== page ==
I don’t believe that Joba is getting unlucky. It may be a baseball platitude to write this, but I watch the games. The hits he gives up may not be home runs, but they are laser beams the fielders can’t get to. From looking at this data my conclusion is that the league may have caught on to Joba’s diminished slider and straight fastball (Kyle Farnsworth had a plus-velocity fastball that wasn’t very effective also due to its straightness) and as result batters are swinging more. Joba is getting more swinging strikes this year, but that is only because last year players weren’t chasing outside the zone. This year they are, but they are often making contact, perhaps just enough to foul off his slider, if not crushing it. This may cause Joba, who remains a strikeout pitcher, to move away from his slider, his best pitch, and use his fastball or curveball to get the out. Of course, the problem is that both Joba’s fastball and curveball have been minus pitches.

Yankeeist still believes that Joba is too talented not to straighten himself out, but he clearly has some work to do to regain the trust of both the team and the fanbase.

6 thoughts on “Joba has been bad, but why are his peripherals so good?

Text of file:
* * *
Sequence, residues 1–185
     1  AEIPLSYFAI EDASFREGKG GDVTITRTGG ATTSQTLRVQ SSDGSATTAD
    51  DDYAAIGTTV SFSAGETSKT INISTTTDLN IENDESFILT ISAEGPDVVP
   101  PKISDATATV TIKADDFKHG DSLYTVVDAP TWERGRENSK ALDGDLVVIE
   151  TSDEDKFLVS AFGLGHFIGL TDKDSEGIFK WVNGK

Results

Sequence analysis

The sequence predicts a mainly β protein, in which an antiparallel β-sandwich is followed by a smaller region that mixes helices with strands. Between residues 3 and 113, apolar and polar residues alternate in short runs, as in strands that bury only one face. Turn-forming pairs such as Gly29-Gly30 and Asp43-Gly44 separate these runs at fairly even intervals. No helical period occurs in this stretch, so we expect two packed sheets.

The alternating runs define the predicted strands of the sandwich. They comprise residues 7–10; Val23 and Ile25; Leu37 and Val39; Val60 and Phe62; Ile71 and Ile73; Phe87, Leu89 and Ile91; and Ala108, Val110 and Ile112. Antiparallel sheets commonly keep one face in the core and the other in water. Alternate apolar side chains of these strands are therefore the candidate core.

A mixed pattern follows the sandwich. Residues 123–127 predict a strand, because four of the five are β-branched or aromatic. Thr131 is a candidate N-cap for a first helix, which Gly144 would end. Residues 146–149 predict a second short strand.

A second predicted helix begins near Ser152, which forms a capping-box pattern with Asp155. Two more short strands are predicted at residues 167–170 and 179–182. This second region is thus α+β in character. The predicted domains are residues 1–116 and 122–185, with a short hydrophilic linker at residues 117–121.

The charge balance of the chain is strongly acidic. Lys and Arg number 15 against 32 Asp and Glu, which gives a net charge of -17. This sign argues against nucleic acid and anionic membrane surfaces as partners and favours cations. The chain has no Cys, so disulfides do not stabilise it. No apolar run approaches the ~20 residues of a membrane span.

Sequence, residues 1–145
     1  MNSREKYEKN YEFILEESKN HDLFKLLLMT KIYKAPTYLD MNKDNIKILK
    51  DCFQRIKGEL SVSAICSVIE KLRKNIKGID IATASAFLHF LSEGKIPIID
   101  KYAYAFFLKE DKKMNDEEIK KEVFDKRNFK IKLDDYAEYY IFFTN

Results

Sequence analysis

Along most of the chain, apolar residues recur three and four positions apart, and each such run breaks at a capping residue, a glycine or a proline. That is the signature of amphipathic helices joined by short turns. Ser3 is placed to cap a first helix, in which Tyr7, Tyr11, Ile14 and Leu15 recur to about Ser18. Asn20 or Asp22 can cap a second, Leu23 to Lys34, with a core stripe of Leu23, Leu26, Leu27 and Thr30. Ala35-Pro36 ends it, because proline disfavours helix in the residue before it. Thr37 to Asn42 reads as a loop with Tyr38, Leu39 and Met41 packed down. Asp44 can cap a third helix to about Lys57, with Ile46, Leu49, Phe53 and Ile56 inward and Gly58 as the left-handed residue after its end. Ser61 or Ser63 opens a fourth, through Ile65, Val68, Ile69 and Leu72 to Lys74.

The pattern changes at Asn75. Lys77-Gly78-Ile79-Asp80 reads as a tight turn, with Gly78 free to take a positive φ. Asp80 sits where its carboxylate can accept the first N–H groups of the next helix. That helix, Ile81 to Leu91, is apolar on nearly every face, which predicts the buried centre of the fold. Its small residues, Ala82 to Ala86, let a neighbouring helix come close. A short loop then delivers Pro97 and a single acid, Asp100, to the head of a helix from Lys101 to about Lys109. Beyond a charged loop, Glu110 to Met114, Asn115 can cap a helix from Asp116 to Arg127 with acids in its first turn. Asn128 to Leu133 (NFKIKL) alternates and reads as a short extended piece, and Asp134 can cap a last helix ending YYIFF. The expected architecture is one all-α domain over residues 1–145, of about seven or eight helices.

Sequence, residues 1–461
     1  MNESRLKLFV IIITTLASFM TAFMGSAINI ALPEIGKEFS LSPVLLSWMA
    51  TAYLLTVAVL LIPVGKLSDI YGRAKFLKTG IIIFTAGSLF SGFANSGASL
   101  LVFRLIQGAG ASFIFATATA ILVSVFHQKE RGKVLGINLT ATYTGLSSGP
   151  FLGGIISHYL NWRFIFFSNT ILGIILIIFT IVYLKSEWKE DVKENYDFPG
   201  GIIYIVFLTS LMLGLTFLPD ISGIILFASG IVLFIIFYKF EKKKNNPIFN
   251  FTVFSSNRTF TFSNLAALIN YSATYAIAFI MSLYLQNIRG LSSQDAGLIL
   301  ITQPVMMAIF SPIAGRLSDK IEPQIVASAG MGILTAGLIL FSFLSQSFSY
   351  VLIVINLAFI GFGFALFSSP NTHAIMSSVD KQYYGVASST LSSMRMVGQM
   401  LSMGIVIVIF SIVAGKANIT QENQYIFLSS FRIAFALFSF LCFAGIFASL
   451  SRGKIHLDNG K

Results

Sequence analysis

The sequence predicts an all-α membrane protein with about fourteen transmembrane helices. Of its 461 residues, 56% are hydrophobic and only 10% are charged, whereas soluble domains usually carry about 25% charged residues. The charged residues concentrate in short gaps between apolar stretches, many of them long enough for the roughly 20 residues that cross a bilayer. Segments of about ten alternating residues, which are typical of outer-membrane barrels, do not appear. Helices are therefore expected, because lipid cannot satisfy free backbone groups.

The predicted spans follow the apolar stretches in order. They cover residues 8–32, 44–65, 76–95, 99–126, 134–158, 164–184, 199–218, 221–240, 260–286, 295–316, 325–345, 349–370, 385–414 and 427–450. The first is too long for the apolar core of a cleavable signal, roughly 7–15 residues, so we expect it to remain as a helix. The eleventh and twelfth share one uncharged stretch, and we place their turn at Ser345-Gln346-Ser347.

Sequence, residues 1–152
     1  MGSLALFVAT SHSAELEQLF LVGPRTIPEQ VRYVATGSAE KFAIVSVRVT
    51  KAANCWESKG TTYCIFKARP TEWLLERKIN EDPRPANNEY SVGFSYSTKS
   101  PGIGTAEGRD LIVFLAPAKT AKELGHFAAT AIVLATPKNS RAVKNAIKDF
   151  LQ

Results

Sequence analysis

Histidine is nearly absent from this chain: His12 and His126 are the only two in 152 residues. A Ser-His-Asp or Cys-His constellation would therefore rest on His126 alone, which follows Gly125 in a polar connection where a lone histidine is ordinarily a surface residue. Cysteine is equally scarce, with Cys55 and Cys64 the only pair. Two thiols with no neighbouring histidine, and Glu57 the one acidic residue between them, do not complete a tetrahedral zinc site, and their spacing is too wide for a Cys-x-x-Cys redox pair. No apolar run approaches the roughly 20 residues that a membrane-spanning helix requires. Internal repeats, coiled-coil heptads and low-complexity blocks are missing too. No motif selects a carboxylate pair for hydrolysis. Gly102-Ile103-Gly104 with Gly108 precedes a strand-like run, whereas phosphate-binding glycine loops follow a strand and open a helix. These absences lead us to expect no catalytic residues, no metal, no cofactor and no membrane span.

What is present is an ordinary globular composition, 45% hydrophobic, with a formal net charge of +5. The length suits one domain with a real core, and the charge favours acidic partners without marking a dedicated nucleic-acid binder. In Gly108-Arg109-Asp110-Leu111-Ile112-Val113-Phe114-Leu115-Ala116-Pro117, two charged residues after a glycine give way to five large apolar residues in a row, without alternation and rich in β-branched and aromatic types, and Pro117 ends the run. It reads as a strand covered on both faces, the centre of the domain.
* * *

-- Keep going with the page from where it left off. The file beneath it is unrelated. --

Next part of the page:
1. Hi Mike,Despite his current struggles, I feel the Yankees would need to get something pretty special back to trade Joba – and his value is pretty low right now, so i think any trade talk is all rumor. I feel the same way – every time he goes out there, I think of kyle farnsworth's tenure with the yankees. so, I agree, Joba isn't unlucky, he's just getting hammered.Does your analysis here shake your confidence in FIP at all?Fastball velocity and straightness: When everyone says 'fastball' I assume they mean a 4 seam fastball, which is traditionally a straight fastball and displays the pitcher's top velocity. since Joba started for most of the year in 2009, i was wondering if he was throwing the 2 seam fastball, which has that away-from-left-handed-batters movement (from right handed pitchers) with a slight dip in velocity – was he throwing a 2 seamer last year?when i was evaluating him, my approach was far simpler… i just added his hits (51) to his walks (17) and compared them to IP (42.1) and said to no one in particular, "wow, 68 is more than 42. no wonder he stinks." how do you feel about this method of evaluation? antiquated? ~jamie